Goffs School Religious Studies

A Level



To visit or AS and A2 Philosophy & Ethics website click here.



This exciting new course will allow students to explore ethical theories in depth.  At their simplest, ethical theories are systems of moral principles.  They affect how people make decisions and lead their lives. Therefore, the course is basically concerned with what is “good” for individuals and society.  Subsequently, issues surrounding abortion, euthanasia, medical research, law and order are all subject to ethical debate.

Throughout the course students will become familiar with some of the greatest thinkers of human civilisation from the moral philosophers of Ancient Greece, such as Plato and Aristotle, to the rational philosophers of the Enlightenment, such as Jeremy Bentham and Immanuel Kant.

By the end of the course students will be able to explain theories such as Natural Law, Utilitarianism, Situation Ethics and Categorical Imperatives and evaluate whether these theories can help us solve the key ethical dilemmas facing humanity today, such as global warming, genetic engineering and military intervention in foreign countries.  These theories include religious and non-religious perspectives on ethics.

Students interested in studying Philosophy, Politics, Law, Religious Studies, Theology, History, Sociology, Geography, Science and Medicine at university would benefit from studying AS/A2 Philosophy and Ethics. It is useful in any profession where decisions affect the lives of others. This could include scientific research, armed combat, policing, pastoral care, medicine and journalism as well as many other occupations.

All assessment is through written examinations.  Please note that this is a highly academic subject and is included in TrinityCollege’s (University of Cambridge) list of ‘accepted A levels’.

The course will be taught by Mr Jones and Mr Cahil in the RS Department.


A rigorous, academic approach to the study of ethics, developing knowledge and interest in secular (non-religious) and religious ethics and their impact in the wider world. 


Units 1 and 2: Religion and Ethics

Written paper, each 1 hour 15 min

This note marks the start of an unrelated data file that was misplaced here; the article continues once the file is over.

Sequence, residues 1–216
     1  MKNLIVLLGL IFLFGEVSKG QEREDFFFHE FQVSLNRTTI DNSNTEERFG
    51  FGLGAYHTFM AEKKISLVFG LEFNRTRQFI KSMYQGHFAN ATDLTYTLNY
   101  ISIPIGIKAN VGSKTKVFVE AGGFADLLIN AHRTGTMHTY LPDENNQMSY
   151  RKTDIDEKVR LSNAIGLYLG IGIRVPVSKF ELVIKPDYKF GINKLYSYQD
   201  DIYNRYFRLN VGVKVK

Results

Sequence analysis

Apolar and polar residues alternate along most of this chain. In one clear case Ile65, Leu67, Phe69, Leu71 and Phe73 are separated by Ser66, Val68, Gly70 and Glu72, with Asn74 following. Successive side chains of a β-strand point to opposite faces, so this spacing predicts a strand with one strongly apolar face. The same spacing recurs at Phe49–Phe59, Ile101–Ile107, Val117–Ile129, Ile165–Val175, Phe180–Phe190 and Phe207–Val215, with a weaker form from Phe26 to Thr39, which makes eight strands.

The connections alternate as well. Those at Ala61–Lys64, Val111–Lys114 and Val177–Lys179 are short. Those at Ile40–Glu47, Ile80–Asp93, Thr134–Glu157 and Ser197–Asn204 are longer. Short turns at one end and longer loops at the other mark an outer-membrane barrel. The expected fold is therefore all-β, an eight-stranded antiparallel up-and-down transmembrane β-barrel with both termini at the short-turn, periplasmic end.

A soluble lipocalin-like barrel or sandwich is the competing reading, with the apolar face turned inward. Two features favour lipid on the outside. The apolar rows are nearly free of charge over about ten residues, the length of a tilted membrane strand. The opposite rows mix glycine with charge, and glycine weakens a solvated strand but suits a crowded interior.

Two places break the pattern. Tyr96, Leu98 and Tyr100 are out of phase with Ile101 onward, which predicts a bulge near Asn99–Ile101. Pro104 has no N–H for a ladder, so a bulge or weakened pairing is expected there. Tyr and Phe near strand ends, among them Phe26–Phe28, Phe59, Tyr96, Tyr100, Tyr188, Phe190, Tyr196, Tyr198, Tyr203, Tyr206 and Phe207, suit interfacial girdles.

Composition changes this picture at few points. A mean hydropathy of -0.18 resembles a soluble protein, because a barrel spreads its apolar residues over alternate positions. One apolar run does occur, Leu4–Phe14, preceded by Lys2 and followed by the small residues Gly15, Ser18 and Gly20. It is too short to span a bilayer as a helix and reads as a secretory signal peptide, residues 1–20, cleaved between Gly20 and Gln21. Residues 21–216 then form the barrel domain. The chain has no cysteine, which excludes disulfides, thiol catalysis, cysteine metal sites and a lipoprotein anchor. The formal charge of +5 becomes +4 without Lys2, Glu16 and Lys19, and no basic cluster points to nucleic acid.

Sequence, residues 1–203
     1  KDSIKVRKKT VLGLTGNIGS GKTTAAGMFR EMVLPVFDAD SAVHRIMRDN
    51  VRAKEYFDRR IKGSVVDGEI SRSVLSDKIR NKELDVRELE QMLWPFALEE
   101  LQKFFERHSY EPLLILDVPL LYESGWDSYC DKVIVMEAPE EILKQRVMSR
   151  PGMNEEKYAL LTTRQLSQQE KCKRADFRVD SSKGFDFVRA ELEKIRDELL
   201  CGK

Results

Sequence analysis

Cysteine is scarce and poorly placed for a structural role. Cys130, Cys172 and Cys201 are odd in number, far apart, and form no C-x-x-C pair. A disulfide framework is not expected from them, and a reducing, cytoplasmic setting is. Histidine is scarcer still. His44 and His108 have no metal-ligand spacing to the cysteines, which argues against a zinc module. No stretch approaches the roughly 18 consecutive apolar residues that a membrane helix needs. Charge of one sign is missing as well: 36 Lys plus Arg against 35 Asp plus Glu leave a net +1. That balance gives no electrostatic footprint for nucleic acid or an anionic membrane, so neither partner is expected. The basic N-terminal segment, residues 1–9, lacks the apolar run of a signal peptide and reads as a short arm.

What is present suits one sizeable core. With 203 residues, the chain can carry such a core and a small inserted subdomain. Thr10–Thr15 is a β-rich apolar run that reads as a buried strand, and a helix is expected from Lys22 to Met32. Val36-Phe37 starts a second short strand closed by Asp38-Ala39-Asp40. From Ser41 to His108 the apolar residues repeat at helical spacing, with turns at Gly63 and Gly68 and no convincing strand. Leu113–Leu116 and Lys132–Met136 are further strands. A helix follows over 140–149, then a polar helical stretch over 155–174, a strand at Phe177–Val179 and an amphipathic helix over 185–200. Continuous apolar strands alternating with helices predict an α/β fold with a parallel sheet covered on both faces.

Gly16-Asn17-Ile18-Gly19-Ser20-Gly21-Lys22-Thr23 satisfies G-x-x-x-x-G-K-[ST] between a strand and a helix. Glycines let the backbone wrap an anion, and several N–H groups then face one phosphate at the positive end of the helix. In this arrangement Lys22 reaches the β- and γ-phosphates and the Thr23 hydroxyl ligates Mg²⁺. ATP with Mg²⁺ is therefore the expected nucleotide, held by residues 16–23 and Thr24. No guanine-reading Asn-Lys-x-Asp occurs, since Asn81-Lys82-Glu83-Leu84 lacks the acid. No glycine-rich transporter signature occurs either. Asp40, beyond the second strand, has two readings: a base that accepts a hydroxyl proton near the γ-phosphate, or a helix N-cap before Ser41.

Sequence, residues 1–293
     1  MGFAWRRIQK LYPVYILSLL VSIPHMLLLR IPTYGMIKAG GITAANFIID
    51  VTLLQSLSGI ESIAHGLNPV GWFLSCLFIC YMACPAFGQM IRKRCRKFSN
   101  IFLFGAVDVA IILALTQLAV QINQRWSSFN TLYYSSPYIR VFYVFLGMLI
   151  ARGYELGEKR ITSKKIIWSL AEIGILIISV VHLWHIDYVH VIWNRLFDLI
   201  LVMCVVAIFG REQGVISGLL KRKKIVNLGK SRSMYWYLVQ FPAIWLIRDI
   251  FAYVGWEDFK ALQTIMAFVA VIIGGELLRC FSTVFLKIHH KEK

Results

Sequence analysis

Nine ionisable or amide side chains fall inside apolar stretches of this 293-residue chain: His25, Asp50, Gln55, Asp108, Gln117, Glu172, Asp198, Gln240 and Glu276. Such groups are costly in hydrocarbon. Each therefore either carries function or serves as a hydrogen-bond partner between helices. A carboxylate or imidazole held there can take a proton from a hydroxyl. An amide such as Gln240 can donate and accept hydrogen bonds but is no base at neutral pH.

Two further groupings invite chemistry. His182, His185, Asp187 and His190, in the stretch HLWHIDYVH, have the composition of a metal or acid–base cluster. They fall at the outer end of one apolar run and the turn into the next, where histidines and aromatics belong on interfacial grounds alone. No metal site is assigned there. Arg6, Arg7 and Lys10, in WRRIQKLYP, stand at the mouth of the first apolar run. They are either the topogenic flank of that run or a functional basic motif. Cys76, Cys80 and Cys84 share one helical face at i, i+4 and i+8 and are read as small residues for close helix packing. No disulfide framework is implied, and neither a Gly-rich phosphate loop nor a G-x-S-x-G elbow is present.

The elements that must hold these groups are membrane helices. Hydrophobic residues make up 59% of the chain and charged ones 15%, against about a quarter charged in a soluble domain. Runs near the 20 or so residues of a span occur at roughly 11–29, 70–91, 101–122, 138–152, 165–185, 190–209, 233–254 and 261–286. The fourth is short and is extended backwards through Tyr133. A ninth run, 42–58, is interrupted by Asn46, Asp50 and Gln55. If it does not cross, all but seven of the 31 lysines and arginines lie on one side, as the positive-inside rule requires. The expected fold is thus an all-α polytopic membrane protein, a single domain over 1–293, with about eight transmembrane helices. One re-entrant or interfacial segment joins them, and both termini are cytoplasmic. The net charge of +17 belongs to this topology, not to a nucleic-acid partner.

Each paper attracts 90 marks – 50% of AS, 25% of A level

For each unit, students study two out of 11 available subjects

Two structured, two part essay questions, from a choice of four, on each paper


Units 3 & 4

Study in greater depth of aspects of ethical and philosophical perspectives.

Unit 3: Religion and Ethics

Written paper, 1 hour 30 min

100 marks – 25% of A Level

Students study one out of 13 available subjects

Two structured, two part essay questions from a choice of four

Unit 4: Medical Ethics

Written paper, 1 hour 30 min

75 marks – 25% of A Level

Students study one out of 8 available topics

One extended essay question from a choice of two


Careers that directly involve ethics include academia, politics, law and justice as well working for NGOs such as Greenpeace, Amnesty International or the WWF. Careers that benefit from the study of ethics would include medicine, the armed forces, journalism, the civil service, working for institutions like the United Nations and occupations involved with scientific research, especially experimentation on humans and animals. Additionally, ethical decisions impact on society so students considering careers in social work, policing and teaching would benefit from studying RS Philosophy and Ethics.


RS Philosophy and Ethics would be very beneficial to students applying for degrees in Law, Politics, International Relations, Anthropology, Sociology and Philosophy as well as Comparative Religion and Theology.

It is also a good combination for students studying other humanities, such as Geography and History.

In some schools, students interested in medicine and medical research consider Philosophy and Ethics as a fourth A Level. Part of the course centres on medical ethics and animal experimentation.

As mentioned above, this is a highly academic subject and is included in TrinityCollege’s (University of Cambridge) list of ‘accepted A Levels’.


Students must have a B in English and a B in at least one other humanities subject. Students do not need to have a GCSE in Philosophy and Ethics.

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